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Needed advice on a 5 Function Combination machine

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Forum topic by Jim Burke posted 09-09-2011 09:21 PM 1996 views 0 times favorited 3 replies Add to Favorites Watch
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Jim Burke

2 posts in 1104 days


09-09-2011 09:21 PM

Topic tags/keywords: combination machine laguna mini-max hammer tools 5 function machine felder

I have a small shop, it’s an over-sized one car garage (it’s about 12 feet wide) and I’m looking at buying some essential wood working equipment. The heart of every woodworking shop is a nice table saw. I also think I need a jointer, a planer, a band saw, and a drill press. When I started looking around I had myself convinced I was going to buy a new Uni-saw ( it looks like an incredible piece of machinery). Then I looked at a SawStop, and was convinced I needed the safety of that unit. When I looked at either saw, with an attached side table, it was really looking like it would take a ton of space. Then if a bought a separate jointer, and planer it seems like I might not have enough room in my little shop. So, now I started looking that the entry level 5 function combination machines from Hammer, Mini-Max, and Laguna. These machines seem to pack lot of equipment in a small footprint. They also pack alot of costs in a small footprint as well. My question, is there anyone out there that has gone though this decision making process and if so, what did you decide? If you bought a combination machine, which machine did you buy? Are you happy with your purchase? would you do anything differently?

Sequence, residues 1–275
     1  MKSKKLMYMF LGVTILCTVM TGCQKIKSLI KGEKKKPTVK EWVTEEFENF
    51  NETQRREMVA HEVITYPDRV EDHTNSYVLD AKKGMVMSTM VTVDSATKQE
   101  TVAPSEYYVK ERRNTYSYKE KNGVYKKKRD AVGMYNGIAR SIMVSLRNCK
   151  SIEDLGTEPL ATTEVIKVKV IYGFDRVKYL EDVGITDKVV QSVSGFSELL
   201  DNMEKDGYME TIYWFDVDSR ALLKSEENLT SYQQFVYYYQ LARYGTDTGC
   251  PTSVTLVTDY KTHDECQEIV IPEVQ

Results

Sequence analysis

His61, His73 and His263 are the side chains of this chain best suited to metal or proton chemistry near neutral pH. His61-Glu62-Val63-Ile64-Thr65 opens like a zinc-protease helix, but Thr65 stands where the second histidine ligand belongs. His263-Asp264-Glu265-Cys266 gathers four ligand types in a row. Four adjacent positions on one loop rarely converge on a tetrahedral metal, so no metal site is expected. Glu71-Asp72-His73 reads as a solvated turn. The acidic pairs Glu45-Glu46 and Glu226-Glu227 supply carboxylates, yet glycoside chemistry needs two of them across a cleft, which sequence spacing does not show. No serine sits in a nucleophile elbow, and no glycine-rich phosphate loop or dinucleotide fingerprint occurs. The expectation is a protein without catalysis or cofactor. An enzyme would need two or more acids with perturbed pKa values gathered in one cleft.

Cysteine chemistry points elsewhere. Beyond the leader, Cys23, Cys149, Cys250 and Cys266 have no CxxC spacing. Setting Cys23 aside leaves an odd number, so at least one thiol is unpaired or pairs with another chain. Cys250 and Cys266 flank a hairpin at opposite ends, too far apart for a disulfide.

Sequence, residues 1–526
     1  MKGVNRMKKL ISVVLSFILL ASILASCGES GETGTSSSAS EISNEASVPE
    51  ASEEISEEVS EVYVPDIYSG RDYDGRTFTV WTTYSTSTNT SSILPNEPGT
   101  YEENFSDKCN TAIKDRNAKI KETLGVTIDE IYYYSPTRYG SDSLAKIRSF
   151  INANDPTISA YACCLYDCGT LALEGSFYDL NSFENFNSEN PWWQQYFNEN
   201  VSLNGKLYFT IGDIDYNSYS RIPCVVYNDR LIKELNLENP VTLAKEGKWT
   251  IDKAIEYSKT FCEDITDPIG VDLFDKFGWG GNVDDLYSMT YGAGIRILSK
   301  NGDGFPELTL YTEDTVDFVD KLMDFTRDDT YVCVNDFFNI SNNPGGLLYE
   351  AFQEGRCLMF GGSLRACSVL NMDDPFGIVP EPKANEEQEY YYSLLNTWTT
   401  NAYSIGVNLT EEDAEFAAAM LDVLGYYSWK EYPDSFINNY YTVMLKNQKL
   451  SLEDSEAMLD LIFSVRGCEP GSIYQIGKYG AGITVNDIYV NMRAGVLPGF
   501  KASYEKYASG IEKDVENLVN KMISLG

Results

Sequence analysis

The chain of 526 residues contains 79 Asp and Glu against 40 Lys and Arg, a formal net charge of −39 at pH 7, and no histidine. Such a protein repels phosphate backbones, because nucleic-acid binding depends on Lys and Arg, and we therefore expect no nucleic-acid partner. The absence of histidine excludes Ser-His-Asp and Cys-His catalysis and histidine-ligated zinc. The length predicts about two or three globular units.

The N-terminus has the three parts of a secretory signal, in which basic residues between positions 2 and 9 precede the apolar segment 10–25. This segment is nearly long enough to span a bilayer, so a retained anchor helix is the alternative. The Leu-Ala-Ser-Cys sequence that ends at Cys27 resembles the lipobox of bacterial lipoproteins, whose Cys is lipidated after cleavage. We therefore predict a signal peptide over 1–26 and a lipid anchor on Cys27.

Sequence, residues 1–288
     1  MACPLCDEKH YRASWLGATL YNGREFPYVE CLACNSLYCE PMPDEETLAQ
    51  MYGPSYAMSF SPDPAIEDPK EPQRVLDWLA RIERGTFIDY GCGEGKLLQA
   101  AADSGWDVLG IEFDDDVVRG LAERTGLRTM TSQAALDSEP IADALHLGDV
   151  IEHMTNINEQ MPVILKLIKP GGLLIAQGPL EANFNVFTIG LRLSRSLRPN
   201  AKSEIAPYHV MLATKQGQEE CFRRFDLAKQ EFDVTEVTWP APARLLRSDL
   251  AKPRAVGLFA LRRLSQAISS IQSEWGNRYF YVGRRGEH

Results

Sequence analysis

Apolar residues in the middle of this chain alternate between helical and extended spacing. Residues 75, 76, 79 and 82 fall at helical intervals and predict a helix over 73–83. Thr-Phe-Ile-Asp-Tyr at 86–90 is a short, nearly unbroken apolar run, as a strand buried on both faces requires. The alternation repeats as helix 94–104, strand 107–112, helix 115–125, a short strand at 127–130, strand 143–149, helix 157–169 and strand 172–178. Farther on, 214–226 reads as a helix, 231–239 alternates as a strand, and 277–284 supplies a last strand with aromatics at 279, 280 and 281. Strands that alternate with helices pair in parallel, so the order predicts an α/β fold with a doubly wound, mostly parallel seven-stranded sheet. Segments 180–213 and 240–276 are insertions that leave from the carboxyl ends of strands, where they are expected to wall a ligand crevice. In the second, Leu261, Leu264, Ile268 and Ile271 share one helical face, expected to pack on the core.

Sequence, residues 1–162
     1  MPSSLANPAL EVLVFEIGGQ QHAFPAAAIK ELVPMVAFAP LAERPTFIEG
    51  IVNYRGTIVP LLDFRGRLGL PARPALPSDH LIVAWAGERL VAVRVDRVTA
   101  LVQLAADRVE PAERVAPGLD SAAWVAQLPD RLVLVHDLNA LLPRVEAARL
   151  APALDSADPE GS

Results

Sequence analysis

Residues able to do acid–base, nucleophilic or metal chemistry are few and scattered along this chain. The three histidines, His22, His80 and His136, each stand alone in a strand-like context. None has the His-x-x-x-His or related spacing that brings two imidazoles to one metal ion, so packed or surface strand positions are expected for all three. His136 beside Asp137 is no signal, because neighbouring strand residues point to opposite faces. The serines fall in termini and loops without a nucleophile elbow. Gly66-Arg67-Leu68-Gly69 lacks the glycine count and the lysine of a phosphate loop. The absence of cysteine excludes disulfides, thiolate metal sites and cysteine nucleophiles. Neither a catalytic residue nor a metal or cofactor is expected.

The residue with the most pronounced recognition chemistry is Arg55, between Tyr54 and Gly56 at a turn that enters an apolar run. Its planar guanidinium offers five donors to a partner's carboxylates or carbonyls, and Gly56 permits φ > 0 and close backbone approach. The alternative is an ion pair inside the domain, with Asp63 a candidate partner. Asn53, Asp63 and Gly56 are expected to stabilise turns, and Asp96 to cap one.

I would really appreciate any help you can give me.

Thanks

Jim Burke

-- Jim, Arvada Colorado


3 replies so far

View Loren's profile

Loren

7548 posts in 2300 days


#1 posted 09-09-2011 11:00 PM

I’d say it depends on how attracted you are to mechanical side of
machine woodworking. I’ve had combo jointer-planers by Robland,
Makita, Belsaw, and INCA. The Robland was the older XSD310
and while I really liked the mortiser on it, the jointer tables were
a bit fussy and the planer lacked refinement. It was very powerful though.

In terms of table saws, the tablesaw-shaper combos don’t make much
compromise in the saw function and the shapers are powerful and there
when you need them; and the slider is there for tenoning and whatnot.

It’s easy to buy more machine than you need. If you’re doing full-scale
furniture making and building entry doors, those combo machines are
made for that kind of work. For sheet goods, only the higher-end
5-way combos are equal to a small dedicated slider.

I still have the INCA and only use it for the jointer. All my other machines,
presently, are not combos.

Resale value on bought-new combo machines is about half the new price –
and there’s a lot of sellers gnashing their teeth at the losses they’ll
take on these behemoths if they price them to sell for cash on the
second-hand market. Most of the used machines were bought new on
credit by inexperienced hobbiests or naive would-be pros, so condition
of the used machines is usually pretty good as they’ve seldom been
used much.

-- http://lawoodworking.com

View Minorhero's profile

Minorhero

227 posts in 1257 days


#2 posted 09-09-2011 11:28 PM

What you buy depends a lot on what you plan to make. You do not have to have a 72” extension on your table saw. Most woodworkers get by just fine without it. Quite a few garage woodworkers get by without a bandsaw and use a jig saw instead (again depending on what you plan to make).

If you are new to woodworking you might want to buy only the bare needed machines, like just a table saw, use it for a bit and decide if you really want to buy the rest. There are a lot of projects that can be done just fine with a table saw and finished lumber.

View bandit571's profile (online now)

bandit571

6954 posts in 1336 days


#3 posted 09-11-2011 04:21 AM

Maybe a Shopsmith is what you would like to look at. New ( they still make then here in Ohio), or used. Not sure about a planer for them, though.

-- A Planer? I'M the planer, this is what I use

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